The Hunchback of Notre Dame
Tom Hulce, Demi Moore, Jason Alexander, Kevin Kline, Tony Jay, Charles Kimbrough, Mary Wickes
US DVD: 12 Mar 2013
Ming-Na Wen, BD Wong, Eddie Murphy, Harvey Fierstein, Pat Morita, James Hong
US DVD: 12 Mar 2013
The late-‘90s output of Walt Disney Feature Animation occupies an odd place in the company’s legacy. After the escalating financial and critical triumphs of Beauty and the Beast (1991), Aladdin (1992), and The Lion King (1994), Disney’s release slate in the second half of the decade couldn’t help but succeed and disappoint all at once, as their annual releases were buoyed into hit status by the Disney brand while failing to hit the peaks of popularity or acclaim of the company’s just-designated new golden age.
Two of those movies, The Hunchback of Notre Dame (1996) and Mulan (1998) make their Blu-ray debuts without quite the same fanfare as the biggest movies in the Disney vault; no designations of platinum, diamond, enchanted crystal, etc., need apply here. Yet both films are worth greater consideration than their slight also-ran reputations may imply, especially for fans of mainstream feature animation produced in the waning but still artistically vital years of the hand-drawn, 2D style.
The Hunchback of Notre Dame is unusually ambitious even for a lush ‘90s Disney production, adapting a Victor Hugo novel rather than a fairy or folk tale. Quasimodo (voiced by Tom Hulce) is a meek, lonely creature imprisoned in a bell tower by his cruel father figure, Judge Frollo (Tony Jay). Quasimodo gets a taste of human kindness and real living when he sneaks out for Paris’s Festival of Fools and meets Esmerelda (Demi Moore), a free-spirited gypsy.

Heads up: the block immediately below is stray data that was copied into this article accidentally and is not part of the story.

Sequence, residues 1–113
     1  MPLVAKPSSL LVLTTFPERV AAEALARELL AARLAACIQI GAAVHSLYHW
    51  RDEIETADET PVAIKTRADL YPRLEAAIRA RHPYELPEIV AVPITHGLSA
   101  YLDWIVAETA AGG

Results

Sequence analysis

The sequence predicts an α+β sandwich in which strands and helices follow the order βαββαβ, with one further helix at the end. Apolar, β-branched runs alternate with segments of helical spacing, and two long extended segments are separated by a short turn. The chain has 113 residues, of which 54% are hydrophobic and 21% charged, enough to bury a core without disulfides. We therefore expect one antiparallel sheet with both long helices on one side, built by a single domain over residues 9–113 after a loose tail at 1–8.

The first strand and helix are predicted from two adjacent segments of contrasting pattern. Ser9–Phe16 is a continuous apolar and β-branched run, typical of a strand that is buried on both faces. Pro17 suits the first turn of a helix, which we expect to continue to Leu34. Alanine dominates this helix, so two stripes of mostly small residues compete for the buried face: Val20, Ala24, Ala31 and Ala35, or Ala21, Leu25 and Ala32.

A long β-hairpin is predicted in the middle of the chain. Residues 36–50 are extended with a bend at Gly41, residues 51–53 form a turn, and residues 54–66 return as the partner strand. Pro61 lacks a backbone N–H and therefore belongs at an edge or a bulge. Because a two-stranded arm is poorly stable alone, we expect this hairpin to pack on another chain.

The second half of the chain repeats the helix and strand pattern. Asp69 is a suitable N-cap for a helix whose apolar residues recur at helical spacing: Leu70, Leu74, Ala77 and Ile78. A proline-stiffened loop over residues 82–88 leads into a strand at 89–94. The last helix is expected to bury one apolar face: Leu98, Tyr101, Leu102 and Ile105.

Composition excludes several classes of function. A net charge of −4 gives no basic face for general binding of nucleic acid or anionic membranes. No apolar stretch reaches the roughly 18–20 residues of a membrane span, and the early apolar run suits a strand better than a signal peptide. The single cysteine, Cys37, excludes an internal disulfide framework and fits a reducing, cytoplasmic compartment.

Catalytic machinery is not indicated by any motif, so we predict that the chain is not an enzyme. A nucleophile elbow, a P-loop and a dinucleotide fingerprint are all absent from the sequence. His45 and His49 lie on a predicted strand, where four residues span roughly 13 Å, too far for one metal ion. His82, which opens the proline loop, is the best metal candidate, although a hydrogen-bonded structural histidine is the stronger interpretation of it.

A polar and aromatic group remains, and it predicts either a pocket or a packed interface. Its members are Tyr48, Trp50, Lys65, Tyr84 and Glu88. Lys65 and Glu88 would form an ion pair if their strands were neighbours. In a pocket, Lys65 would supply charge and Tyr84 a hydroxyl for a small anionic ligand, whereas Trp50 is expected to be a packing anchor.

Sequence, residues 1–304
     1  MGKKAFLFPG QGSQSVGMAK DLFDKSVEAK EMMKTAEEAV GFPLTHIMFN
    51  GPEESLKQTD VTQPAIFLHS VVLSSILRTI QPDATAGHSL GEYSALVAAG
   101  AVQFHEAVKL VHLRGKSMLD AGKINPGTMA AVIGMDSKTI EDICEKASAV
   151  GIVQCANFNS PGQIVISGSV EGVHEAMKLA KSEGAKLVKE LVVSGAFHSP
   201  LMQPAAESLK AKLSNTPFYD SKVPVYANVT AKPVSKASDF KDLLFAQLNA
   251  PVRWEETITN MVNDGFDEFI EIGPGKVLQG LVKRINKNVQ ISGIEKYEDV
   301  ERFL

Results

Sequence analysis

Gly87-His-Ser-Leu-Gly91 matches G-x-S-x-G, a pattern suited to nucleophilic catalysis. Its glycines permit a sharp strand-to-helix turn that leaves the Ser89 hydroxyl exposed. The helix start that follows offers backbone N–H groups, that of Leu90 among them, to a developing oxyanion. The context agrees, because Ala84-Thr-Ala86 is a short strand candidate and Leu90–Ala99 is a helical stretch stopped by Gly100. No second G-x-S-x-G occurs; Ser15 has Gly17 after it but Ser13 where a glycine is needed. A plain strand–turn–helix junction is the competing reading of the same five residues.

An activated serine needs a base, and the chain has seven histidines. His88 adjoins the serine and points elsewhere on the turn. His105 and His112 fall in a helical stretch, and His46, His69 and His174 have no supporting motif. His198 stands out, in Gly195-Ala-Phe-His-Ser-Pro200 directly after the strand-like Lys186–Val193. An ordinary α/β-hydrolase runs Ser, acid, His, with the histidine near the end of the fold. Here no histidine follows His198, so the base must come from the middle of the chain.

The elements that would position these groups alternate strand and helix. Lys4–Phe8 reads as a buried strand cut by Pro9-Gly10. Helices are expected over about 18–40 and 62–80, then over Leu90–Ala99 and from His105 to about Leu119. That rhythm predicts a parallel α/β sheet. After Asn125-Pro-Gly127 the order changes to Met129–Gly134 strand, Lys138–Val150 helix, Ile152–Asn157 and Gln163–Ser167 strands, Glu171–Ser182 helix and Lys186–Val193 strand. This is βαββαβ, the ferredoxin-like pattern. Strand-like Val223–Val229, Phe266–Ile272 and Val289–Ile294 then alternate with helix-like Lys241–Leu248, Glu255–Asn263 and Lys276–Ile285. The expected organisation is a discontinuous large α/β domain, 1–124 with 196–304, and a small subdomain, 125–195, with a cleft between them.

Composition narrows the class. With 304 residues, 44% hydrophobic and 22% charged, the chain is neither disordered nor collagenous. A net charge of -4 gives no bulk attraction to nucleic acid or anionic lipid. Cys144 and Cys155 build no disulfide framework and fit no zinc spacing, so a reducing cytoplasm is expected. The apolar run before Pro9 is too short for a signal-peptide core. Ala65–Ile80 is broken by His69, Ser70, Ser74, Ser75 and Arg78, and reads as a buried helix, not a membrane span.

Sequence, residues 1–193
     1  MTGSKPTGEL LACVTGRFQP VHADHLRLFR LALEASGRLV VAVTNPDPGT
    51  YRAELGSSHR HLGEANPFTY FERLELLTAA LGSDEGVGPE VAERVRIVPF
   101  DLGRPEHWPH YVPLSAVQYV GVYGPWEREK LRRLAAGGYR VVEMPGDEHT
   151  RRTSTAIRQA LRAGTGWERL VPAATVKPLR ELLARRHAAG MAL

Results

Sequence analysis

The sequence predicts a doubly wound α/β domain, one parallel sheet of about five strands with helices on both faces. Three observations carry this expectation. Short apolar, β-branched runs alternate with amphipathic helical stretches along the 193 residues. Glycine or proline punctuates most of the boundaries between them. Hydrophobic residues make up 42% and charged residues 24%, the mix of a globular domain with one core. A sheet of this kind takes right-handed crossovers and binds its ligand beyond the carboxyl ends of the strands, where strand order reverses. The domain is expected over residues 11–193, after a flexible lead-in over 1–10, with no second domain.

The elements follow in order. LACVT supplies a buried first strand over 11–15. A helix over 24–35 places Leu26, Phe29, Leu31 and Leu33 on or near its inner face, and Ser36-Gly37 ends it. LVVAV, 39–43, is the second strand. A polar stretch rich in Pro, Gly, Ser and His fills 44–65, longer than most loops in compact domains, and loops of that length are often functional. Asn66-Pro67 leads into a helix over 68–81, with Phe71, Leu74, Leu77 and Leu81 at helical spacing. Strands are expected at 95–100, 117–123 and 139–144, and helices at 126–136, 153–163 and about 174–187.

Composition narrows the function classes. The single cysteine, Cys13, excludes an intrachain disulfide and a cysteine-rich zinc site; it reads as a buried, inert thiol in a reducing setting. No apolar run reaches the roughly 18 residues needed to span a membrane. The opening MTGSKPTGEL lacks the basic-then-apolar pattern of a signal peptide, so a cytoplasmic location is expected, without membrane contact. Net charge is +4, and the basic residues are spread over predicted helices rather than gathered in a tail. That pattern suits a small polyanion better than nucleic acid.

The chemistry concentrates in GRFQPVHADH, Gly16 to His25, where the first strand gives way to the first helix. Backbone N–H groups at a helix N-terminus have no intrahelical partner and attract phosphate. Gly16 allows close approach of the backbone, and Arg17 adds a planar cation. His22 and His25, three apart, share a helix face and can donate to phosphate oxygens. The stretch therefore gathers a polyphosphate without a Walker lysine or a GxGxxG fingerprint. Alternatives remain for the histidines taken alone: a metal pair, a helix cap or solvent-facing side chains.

It might sound ridiculous that Disney rendered The Hunchback of Notre Dame as colorful family fun, but to be fair, it almost certainly sets the record for talk of hell, damnation, and murder in a G-rated movie. Judge Frollo’s obsession with crushing the city’s gypsy population intertwines with an obsessive crush on the comely Esmerelda, and his tormented anger reaches a fever pitch with “Hellfire”, a musical number powered by his all-consuming lust and self-loathing. It’s a stunning departure from, say, Pocahontas painting with all the colors of the wind, and has a more adult sense of psychology than, say, Scar the evil lion.
Of course, even with all of the hellfire business, Hugo’s novel is also filtered through the ‘90s Disney formula: Esmerelda is spunky; Quasi is a nice guy; and the Beauty and the Beast team of Gary Trousdale and Kirk Wise concoct an ending slightly more melancholy than the Disney usual (Quasi’s love for Esmerelda remains unrequited) but far less ghoulish than Hugo’s book, which was, after all, written without concern for Happy Meal-friendliness. These tweaks are all probably necessary concessions to Disney’s status as a producer of family films; less excusable are the film’s forays into comedy – chiefly because they aren’t very funny. Quasimodo’s only friends are a trio of chattering gargoyles, a bizarre intrusion of both magic and wackiness for a movie that otherwise has little of either.